Drew Doughty of the Los Angeles Kings plays against the St. Louis Blues at the Staples Center on Dec. 11, 2008. (Photo by Harry How/Getty Images)
It’s funny how things work themselves out sometimes. When the Los Angeles Kings selected defenseman Drew Doughty with the second overall pick in last summer’s draft, it wasn’t so much about need as it was taking the best player available.
After all, Steven Stamkos was the consensus No. 1 and in terms of youth, the Kings were pretty booked at every position. In goal, the future will feature some combination of Jonathan Bernier, Jeff Zatkoff, Jon Quick and Erik Ersberg. The forwards are too numerous to mention, but Oscar Moller and Wayne Simmonds are just two of this year’s graduates. On defense, Jack Johnson was one part of the master plan, with Thomas Hickey another.
But here’s where it gets interesting: In taking Doughty second and fellow blueliner Colten Teubert 13th overall, the Kings essentially twinned the skilled Hickey and mean-spirited Johnson – not a bad future foursome.
And while Doughty was tabbed as an offensive defenseman, he has succeeded with the Kings in his rookie campaign on a squad where the defensive aspect of the game is being preached more than the offensive. Which, ironically, is very similar to the defensive team he played for last season – the Ontario League’s Guelph Storm.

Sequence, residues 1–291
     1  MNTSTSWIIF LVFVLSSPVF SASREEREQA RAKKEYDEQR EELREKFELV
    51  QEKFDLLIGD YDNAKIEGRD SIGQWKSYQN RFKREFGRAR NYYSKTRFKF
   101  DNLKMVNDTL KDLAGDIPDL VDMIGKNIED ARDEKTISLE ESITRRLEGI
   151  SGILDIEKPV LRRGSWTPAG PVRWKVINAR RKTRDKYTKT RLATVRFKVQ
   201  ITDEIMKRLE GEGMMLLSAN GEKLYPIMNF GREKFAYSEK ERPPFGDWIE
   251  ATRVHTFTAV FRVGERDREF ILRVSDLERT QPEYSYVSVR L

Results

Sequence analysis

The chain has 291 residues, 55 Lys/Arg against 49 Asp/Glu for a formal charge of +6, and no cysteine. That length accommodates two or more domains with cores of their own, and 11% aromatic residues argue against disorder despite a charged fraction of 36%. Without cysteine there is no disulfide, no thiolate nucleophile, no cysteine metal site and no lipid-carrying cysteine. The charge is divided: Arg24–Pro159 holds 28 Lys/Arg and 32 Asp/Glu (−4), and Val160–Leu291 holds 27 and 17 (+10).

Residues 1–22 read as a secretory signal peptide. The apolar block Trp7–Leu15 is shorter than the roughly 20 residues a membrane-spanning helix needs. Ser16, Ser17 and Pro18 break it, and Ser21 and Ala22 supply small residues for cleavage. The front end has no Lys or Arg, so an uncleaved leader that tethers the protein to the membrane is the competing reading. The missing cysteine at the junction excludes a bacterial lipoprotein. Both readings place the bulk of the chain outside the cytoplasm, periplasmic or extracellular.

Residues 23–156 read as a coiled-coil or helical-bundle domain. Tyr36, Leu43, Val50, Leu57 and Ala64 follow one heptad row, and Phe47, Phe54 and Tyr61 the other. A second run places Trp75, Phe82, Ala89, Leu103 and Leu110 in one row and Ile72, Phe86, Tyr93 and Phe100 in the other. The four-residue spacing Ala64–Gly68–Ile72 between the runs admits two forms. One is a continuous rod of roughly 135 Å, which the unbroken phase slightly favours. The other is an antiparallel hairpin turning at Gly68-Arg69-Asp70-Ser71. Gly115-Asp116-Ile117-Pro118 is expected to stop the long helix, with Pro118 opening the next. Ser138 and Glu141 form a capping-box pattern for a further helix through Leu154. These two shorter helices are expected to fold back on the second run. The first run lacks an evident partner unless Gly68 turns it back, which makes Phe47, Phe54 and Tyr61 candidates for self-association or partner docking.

As THN Kings correspondent Rich Hammond wrote in the current issue of The Hockey News, Los Angeles is surviving on their defense this season, not the vaunted offense expected from players such as Anze Kopitar, Patrick O’Sullivan and Alexander Frolov. New coach Terry Murray made it his mission early on to have his charges protect the front of the net and play solidly in its own zone, which, given the collective experience in goal since Jason LaBarbera was traded, was a smart move.
Now, looking at Doughty’s major junior numbers, not to mention his amazing end-to-end skills, you wouldn’t think structured zone pressure would be high on his list of fun things to do in a hockey game. But the Storm team he played for thrived in low-scoring affairs and Doughty still got his points. Whip back to the present and the youngster is once again playing well in a system based on keeping pucks out instead of pumping them in.
Despite just turning 19 a month ago, Doughty leads all Kings in ice time at 23:45 per game, a full minute and change more than Kyle Quincey (who is also having a great season). He’s also the top L.A. defenseman in terms of power play time on ice, just edging out Tom Preissing. And despite the fact he leads the team in turnovers with 48, he’s also third in takeaways with 23, best among the blueliners.
What does that all mean? It means Doughty is comfortable taking on responsibility and the Kings are comfortable giving it to him. Another rather hidden aspect of Doughty’s junior career was his job with Team Canada at the 2008 World Junior Championship. Once again, despite his natural offensive capabilities, Doughty embraced the role of a shutdown defender and though he had four assists in seven games, it was his locking down of opponents that helped Canada win gold.
Doughty still hauls the puck up ice with a slickness not often seen in NHL defensemen these days, but he has also firmly established there are more than a few arrows in his professional quiver.
Ryan Kennedy is a writer and copy editor for The Hockey News magazine, the co-author of the book Hockey's Young Guns and a regular contributor to THN.com. His blog appears Mondays and Wednesdays, his column - The Straight Edge - every Friday, and his features, The Hot List and Prep Watch appears Tuesdays and Thursdays.
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